The brakes on your vehicle are one of the most important features. They are a bit complex, but understanding how they work and what signs to look for will go a long way toward keeping them in top working order. The brake system is made up of a few key components that all work together to stop your vehicle.
Six Signs to Watch For
Most of us have probably experienced clunking brakes once or twice, if not more. It’s a frustrating and sometimes dangerous feeling when the brakes are hard to pedal, the pedal seems stuck in the floorboard and you’re jostled from side to side as you attempt to stop. But it could also mean your brake pads need changing. So how do you know?
Here are some tips on spotting what’s wrong:
If you hear noise when you apply the brakes, the first thing to do is take a look at where the noise is coming from. If it’s a loud screeching sound, chances are that your brake pads have worn too low and need replacement. On the other hand, if it’s a heavy grinding sound, then this likely means your brake rotors or drums are wearing or have worn out.
If the brake pads are worn too low, they begin to make constant squealing or grinding sounds when pressed. In older cars, this may not be such an issue since metallic brakes were standard—but modern cars now use ceramic brakes which can cause serious damage if left without being replaced for long periods of time. Do not ignore such noises and get your car to a mechanic immediately!
Another common noise type is humming or clicking sounds. This may indicate that there is some loose hardware somewhere within the braking system which needs tightening up as soon as possible before it falls off completely and causes further damage to your vehicle’s braking system.
- Brakes pulsate when your brake rotors are worn down or warped. the pulsation can feel like the pedal is moving up and down, similar to a bouncing ball. This can occur at high speeds when your brakes are applied for an extended period of time.
- If you apply pressure to the brake pedal and it feels soft or spongy, there may be air in your brake lines which causes a loss of pressure and results in a longer stopping distance.
- The opposite can also be true; if you push down on your brake pedal but it feels hard or stiff, this could indicate that there is something in the way of your brake pads and rotors such as rust or debris. The solution to these issues will vary depending on their severity so it’s important to have them checked out by a certified mechanic as soon as possible!
A vehicle in need of brake repair can exhibit symptoms such as:
- pulling to one side of the road
- not stopping straight
- drifting forward when stopped
- making sudden stops
- not stopping in time
- not stopping at all.
Also, the ABS (anti-lock braking system) light may come on and a pulsing feeling may be felt through the brake pedal when braking. The brakes are literally too bad to stop the car.
Warning lights are a great indicator that your brakes may need to be checked out. When you first start your car be sure to pay attention to any warning lights that appear on the dash. If you notice any messages come up that say “service brake system” or “low-level brake fluid” it is a good indication that there might be something wrong with your brakes. Other warning lights include ABS or brake warning lights, both of which indicate an issue with the braking system. This is why it is important to know what every light on your dashboard means so you can accurately assess if and when your car needs maintenance work.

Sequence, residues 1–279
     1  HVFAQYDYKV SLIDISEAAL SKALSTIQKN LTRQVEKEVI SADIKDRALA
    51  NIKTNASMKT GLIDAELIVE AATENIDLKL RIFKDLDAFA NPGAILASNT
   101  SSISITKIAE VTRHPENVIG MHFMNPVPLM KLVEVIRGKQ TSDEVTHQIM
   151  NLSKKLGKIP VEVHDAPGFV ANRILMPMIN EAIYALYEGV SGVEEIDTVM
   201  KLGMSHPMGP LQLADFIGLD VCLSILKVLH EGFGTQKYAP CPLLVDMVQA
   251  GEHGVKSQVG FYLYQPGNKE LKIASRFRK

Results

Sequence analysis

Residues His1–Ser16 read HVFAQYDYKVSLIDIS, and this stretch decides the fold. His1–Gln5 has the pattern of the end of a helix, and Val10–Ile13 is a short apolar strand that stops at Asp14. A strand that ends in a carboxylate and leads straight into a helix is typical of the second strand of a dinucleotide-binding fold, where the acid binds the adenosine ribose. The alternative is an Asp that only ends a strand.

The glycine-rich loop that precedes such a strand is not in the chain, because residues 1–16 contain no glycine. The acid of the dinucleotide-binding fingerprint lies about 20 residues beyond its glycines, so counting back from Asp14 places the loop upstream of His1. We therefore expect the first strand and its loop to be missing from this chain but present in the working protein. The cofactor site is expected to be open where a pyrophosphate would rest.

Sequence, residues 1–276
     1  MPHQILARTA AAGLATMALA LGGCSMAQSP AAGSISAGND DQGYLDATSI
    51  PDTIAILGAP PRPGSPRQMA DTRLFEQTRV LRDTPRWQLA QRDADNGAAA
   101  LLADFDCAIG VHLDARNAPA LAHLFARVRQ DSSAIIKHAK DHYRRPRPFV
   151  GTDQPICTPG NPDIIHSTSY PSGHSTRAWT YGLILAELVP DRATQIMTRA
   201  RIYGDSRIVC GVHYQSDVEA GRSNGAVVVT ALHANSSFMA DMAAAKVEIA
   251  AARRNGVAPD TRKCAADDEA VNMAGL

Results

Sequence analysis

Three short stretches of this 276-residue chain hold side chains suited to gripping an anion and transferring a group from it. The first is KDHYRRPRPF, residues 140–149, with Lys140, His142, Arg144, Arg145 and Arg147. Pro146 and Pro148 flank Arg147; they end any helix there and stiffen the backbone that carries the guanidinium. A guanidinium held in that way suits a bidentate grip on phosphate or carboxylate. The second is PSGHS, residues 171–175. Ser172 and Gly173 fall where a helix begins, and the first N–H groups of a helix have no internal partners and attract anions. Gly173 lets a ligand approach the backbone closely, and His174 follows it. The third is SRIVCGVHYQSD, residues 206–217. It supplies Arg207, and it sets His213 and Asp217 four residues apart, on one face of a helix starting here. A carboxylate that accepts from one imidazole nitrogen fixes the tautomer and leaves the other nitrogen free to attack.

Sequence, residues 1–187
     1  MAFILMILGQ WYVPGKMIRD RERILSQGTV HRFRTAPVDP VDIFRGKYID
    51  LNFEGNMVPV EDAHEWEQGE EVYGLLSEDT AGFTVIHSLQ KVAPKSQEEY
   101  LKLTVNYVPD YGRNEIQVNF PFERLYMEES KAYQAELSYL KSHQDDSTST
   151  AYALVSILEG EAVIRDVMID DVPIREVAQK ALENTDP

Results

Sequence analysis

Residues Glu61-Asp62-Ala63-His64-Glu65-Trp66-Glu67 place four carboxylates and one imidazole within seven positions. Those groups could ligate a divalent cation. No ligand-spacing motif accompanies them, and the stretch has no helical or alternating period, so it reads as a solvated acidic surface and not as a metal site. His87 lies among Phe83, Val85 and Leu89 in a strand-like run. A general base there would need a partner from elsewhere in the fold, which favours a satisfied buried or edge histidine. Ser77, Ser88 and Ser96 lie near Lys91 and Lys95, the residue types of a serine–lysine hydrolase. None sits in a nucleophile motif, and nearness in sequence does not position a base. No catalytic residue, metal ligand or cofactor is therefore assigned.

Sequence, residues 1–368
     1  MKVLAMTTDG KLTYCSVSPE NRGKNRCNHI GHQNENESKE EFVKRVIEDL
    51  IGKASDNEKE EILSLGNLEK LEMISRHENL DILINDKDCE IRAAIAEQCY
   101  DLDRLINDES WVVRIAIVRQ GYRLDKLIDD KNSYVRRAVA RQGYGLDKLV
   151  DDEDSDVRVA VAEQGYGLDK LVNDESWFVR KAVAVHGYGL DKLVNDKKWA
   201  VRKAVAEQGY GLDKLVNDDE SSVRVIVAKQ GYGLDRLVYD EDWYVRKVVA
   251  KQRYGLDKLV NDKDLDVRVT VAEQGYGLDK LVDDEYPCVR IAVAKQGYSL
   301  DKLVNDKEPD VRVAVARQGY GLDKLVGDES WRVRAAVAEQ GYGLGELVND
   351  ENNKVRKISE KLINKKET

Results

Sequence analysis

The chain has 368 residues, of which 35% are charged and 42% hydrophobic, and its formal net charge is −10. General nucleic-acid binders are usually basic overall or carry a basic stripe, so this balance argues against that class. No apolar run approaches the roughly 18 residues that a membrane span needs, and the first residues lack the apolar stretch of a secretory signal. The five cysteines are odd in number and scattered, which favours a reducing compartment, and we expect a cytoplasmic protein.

Brake Pedal Behavior
A good rule of thumb is that if the brake pedal feels or behaves in any way that is out of the ordinary, you should get it checked out. If you notice any of the following, it’s time to call a mechanic:
- The pedal is hard to press
- The pedal feels spongy
- The pedal is low to the floor
- The pedal pulses up and down when you apply it
- When applying the brakes, your vehicle pulls to one side or another (this may indicate more than just bad brakes)
While driving, take a look at the brake pads. If they are worn down to less than ¼ of an inch, it’s time to replace them. Another sign that you might need new brakes is discoloration or corrosion on your brake disc from the brake pads wearing down.
If you notice any brake fluid leaks underneath your car, this may mean that your fluid lines are rusty and rusted. Check your brakes for damage or loose connections to make sure air isn’t getting trapped in them before going on with any other repairs.
If you see a warning light on the dashboard indicating that something is wrong with the braking system, take this as a sign there could be some issue with your brakes and have them checked out by an auto mechanic immediately.
Check the levels in your brake fluid reservoir regularly and keep an eye out for signs of leakage around where it connects to the master cylinder under hood when topping off fluids during routine maintenance checks too – if either area looks suspiciously low or has visibly darkened over time (brake fluid goes bad quicker than most other car components), get it serviced before operating vehicle further
You need to know how to spot brake trouble.
- Thickness of brake pads
- Spongy feeling when you apply the brakes
- Grinding or squealing noises
- Vibration coming from your brake pedal